Home > Luther, Sermons, Spiritual Warfare > Whoever is not a fool…Luther 2nd Sunday after Epiphany

Whoever is not a fool…Luther 2nd Sunday after Epiphany


Thus Christ lures all hearts to himself, to rely on him as ever ready to help, even in temporal things, and never willing to forsake any; so that all who believe in him shall not suffer want, be it in spiritual or temporal things; rather must water become wine, and every creature turned into the thing his believer needs. He who believes must have sufficient, and no one can prevent it.

13. But the example of faith is still more wonderful in this Gospel. Christ waits to the very last moment when the want is felt by all present, and there is no counsel or help left. This shows the way of divine grace; it is not imparted to one who still has enough, and has not yet felt his need. For grace does not feed the full and satiated, but the hungry, as we have often said. Whoever still deems himself wise, strong and pious, and finds something good in himself, and is not yet a poor, miserable, sick sinner and fool, the same cannot come to Christ the Lord, nor receive his grace.

14. But whenever the need is felt, he does not at once hasten and bestow what is needed and desired, but delays and tests our faith and trust, even as he does here; yea, what is still more severe, he acts as though he would not help at all, but speaks with harshness and austerity. This you observe in the case of his mother. She feels the need and tells him of it, desiring his help and counsel in a humble and polite request. For she does not say: My dear son, furnish us with wine, but: ”They have no wine.” Thus she merely touches his kindness, of which she is fully assured. As though she would say: He is so good and gracious, there is no need of my asking, I will only tell him what is lacking, and he will of his own accord do more than one could ask, This is the way of faith, it pictures God’s goodness to itself in this manner, never doubting but that it is really so; therefore it makes bold to bring its petition and to present its need.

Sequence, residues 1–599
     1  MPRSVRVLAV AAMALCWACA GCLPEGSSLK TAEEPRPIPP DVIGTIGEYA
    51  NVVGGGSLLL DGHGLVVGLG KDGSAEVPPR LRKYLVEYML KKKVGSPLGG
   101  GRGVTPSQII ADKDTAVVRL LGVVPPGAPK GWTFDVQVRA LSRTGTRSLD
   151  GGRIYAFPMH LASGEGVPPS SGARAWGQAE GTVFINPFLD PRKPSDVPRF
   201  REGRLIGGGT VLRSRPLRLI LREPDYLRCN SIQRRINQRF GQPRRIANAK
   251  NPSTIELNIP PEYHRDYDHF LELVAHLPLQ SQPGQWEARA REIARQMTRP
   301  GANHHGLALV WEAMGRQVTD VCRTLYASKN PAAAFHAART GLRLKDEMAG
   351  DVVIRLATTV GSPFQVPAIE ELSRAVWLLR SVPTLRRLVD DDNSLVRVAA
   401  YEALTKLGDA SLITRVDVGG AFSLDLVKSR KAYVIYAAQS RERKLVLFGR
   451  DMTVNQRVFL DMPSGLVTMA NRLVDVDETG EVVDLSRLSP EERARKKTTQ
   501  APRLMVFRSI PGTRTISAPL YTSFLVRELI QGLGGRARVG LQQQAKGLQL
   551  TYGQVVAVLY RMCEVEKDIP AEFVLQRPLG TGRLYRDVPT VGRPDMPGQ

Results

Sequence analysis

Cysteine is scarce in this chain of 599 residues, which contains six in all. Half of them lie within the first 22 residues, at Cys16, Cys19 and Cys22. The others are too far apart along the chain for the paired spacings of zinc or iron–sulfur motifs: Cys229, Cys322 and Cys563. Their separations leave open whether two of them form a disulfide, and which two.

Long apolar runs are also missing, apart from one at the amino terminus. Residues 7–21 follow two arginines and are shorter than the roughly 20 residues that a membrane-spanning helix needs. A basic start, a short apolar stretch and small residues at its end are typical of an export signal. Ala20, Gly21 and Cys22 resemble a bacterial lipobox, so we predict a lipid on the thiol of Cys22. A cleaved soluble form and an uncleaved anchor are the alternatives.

15. But see, how unkindly he turns away the humble request of his mother who addresses him with such great confidence. Now observe the nature of faith. What has it to rely on? Absolutely nothing, all is darkness. It feels its need and sees help nowhere; in addition, God turns against it like a stranger and does not recognize it, so that absolutely nothing is left. It is the same way with our conscience when we feel our sin and the lack of righteousness; or in the agony of death when we feel the lack of life; or in the dread of hell when eternal salvation seems to have left us. Then indeed there is humble longing and knocking, prayer and search, in order to be rid of sin, death and dread. And then he acts as if he had only begun to show us our sins, as if death were to continue, and hell never to cease. Just as he here treats his mother, by his refusal making the need greater and more distressing than it was before she came to him with her request; for now it seems everything is lost, since the one support on which she relied in her need is also gone.